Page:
The Department for Education has moved to quell concerns that the key stage 2 reading test may have been compromised by its similarity to a previously published revision guide.
A spokesperson for the DfE said that it was aware that a commercial revision guide included a text on a “broadly similar” theme to a text in the reading test taken by almost 600,000 10 and 11-year-olds on Monday.
The content and questions of the test cannot be revealed because some children have yet to take the test.
But the DfE said that it was confident pupils who had seen the guide would not have had an unfair advantage.
'No unfair advantage'
The spokesperson said: “The text in the practice materials and the real test were based on a broadly similar theme but the questions were different. We have reviewed the questions and they are not the same. The text wasn’t the same, it was on a broadly similar theme.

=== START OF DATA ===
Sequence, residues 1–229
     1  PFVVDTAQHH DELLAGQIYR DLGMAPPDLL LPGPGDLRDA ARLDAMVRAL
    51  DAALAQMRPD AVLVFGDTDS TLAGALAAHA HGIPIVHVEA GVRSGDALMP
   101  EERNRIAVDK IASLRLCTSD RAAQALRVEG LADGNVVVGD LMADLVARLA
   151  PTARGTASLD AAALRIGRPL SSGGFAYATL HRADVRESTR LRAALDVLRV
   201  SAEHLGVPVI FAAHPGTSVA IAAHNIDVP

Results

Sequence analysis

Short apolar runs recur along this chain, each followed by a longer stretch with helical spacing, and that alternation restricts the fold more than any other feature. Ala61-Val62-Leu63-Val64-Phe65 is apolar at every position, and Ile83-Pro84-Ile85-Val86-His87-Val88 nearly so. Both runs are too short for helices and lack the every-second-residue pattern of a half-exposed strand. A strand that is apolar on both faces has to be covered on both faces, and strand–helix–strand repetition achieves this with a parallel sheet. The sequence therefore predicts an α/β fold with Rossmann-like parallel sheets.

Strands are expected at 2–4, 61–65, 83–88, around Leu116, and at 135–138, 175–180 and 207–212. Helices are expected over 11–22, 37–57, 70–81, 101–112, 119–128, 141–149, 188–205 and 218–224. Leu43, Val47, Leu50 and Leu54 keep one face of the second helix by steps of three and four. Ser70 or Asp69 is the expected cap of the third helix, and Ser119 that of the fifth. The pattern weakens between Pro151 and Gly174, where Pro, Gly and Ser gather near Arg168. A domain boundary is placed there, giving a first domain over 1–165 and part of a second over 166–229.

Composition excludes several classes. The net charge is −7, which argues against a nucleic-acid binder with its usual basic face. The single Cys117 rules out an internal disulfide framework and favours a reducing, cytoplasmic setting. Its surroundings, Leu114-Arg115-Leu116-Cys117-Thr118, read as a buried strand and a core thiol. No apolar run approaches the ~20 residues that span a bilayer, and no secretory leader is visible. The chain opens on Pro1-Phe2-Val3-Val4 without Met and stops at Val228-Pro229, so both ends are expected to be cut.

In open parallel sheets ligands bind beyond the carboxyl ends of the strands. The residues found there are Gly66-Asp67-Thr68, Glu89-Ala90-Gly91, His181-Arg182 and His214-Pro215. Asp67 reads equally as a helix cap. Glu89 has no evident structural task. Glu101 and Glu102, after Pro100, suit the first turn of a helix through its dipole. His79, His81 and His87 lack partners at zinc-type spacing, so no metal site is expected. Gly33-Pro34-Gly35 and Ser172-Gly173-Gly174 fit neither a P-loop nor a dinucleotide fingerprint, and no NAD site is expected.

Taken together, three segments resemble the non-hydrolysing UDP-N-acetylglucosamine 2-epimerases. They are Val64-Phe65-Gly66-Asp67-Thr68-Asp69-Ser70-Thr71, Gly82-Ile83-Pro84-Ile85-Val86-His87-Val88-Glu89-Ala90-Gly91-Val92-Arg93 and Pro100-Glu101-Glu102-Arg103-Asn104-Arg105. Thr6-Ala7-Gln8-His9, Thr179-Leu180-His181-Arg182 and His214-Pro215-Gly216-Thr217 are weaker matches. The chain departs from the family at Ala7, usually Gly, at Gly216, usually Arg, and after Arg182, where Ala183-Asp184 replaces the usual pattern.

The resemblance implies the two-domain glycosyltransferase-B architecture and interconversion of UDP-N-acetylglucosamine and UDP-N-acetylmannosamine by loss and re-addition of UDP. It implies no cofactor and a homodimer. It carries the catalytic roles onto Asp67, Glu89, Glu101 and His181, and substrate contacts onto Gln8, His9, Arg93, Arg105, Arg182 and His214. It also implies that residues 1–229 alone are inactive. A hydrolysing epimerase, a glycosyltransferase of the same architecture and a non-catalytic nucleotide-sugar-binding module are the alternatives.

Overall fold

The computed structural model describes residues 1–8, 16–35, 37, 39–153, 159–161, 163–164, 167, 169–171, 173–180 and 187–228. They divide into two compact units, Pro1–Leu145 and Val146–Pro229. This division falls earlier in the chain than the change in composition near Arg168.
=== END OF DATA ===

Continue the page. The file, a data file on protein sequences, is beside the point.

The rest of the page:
“We are satisfied that they are sufficiently different that there is no advantage to be gained from seeing those materials before sitting the key stage 2 reading test.”
Concerns about whether the reading paper was too similar to the revision guide were raised on the TES forum, and on Twitter by children’s author and poet Michael Rosen.
Harriet Sellers, creative director of publisher Schofield & Sims, said that any similarity between its revision guide and the paper would be a coincidence.
Ms Sellers said: "We haven't seen the reading paper so can't be certain what point Michael Rosen is trying to make. If, however, he is implying that there is a marked similarity between our practice paper and the actual paper then this can only be down to coincidence and is simply testament to the rigour and quality of Schofield and Sims' revision and practice materials."
She added that the company does not publish online revision guides, but only publishes print products.
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